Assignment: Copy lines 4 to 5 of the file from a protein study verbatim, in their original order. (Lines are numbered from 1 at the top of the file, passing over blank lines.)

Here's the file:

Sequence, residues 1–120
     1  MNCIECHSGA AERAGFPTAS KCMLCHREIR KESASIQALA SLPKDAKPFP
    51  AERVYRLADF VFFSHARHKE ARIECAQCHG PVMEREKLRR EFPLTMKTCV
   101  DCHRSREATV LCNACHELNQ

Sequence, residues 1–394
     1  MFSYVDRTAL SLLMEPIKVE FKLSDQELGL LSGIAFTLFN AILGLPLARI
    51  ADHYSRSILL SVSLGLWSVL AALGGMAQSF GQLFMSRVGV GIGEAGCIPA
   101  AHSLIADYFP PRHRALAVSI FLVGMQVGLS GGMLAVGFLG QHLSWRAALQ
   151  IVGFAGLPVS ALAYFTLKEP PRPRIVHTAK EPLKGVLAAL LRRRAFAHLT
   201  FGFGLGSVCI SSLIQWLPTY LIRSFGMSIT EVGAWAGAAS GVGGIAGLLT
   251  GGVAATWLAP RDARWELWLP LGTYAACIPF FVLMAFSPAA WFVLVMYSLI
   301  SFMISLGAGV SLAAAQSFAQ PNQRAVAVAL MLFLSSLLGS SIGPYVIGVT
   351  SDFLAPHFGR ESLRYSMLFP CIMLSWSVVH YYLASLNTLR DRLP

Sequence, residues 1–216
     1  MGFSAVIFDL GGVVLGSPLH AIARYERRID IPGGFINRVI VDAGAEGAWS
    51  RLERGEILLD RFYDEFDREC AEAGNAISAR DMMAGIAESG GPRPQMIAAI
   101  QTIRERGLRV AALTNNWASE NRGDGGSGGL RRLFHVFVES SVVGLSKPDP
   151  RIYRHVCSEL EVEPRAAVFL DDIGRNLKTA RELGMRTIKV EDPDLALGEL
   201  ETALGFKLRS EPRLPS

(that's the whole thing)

   101  DCHRSREATV LCNACHELNQ

Sequence, residues 1–394